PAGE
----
Medieval minstrels composed songs about tall ships, waxing poetic beauty, power and charming hand-made ornamental figureheads.
Tall ships have sailed uncharted waters since 1,600 B.C. These majestic ladies have graced the seven seas with graceless crews conscripted or shanghaied by crimps who drugged and rolled them for long voyages against their will.
Dr. Ray Ashley, president and CEO Maritime Museum of San Diego, (MMSD) said tall ships transcend time.
“The ship,” he said, “Is the conveyance of our history from the time of the first water-borne vessel moving along the Nile as early as 4,000 B.C.E., to the establishments of maritime trade routes with Athens as the center [circa 700 B.C.E.]to Ptolemaic mariners from Egypt [circa100 B.C.E.] learning from Indian and Arab seamen how to use the monsoonal winds to drive their ships across the Indian Ocean along the trade routes.”
Author Henry Culver stated in his book, “The Book of Old Ships,” that the Nile region inspired the imagination of the Greeks and Romans who saw whole fleets of galley ships on the walls of the temple Deir el Bahari near Thebes. Egyptian galleys returned to Thebes filled with precious woods, incense, gold, silver, animals and slaves who manned the galley’s oars. Egyptian and Greek galleys and the Roman triremes used a large sail and oarsmen’s labor for propulsion across the Mediterranean as late as the 15th century.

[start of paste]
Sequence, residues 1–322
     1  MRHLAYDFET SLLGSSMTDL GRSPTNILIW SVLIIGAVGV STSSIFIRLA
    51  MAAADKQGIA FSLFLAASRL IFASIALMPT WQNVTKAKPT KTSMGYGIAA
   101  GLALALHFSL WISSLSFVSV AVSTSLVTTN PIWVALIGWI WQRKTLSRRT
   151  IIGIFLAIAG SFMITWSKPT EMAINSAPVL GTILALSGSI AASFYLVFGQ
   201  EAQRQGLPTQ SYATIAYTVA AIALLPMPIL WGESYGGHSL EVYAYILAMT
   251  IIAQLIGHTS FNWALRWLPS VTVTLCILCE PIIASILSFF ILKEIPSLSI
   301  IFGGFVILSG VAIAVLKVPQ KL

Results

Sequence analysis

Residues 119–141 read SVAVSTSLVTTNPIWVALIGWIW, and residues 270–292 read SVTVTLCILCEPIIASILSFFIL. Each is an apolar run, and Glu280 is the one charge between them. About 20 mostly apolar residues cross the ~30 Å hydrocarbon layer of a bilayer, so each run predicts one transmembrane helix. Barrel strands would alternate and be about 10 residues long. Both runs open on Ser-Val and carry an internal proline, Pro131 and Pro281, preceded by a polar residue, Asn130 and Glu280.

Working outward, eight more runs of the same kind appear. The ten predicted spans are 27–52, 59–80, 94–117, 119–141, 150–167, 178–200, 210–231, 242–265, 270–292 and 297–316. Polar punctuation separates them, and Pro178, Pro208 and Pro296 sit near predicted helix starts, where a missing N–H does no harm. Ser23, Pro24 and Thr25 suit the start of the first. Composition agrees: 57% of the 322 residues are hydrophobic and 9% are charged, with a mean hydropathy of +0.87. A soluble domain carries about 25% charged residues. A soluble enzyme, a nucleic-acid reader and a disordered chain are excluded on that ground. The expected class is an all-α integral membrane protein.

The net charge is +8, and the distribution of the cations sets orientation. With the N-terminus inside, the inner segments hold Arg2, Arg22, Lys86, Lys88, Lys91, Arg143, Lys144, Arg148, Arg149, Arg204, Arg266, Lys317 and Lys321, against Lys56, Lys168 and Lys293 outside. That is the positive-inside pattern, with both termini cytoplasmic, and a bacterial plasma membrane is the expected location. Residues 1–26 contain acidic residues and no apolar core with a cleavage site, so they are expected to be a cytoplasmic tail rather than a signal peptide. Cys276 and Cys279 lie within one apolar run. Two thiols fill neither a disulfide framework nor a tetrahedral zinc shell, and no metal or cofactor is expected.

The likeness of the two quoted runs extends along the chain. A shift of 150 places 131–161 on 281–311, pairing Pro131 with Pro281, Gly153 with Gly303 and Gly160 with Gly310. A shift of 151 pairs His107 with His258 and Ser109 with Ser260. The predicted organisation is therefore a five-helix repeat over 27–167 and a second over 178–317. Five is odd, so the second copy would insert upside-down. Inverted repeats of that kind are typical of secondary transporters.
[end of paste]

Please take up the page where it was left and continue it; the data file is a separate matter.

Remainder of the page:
Ancient Viking war vessels were called “dragons” of the galley style. By the middle of the 16th century large galleys were involved in great naval combats. In 1571 the galleasses participated in the battle of Lepanto, which contributed to the western European nations defeat of the Turks. England and Spain used galleasses during the 1588 Invincible Armada battle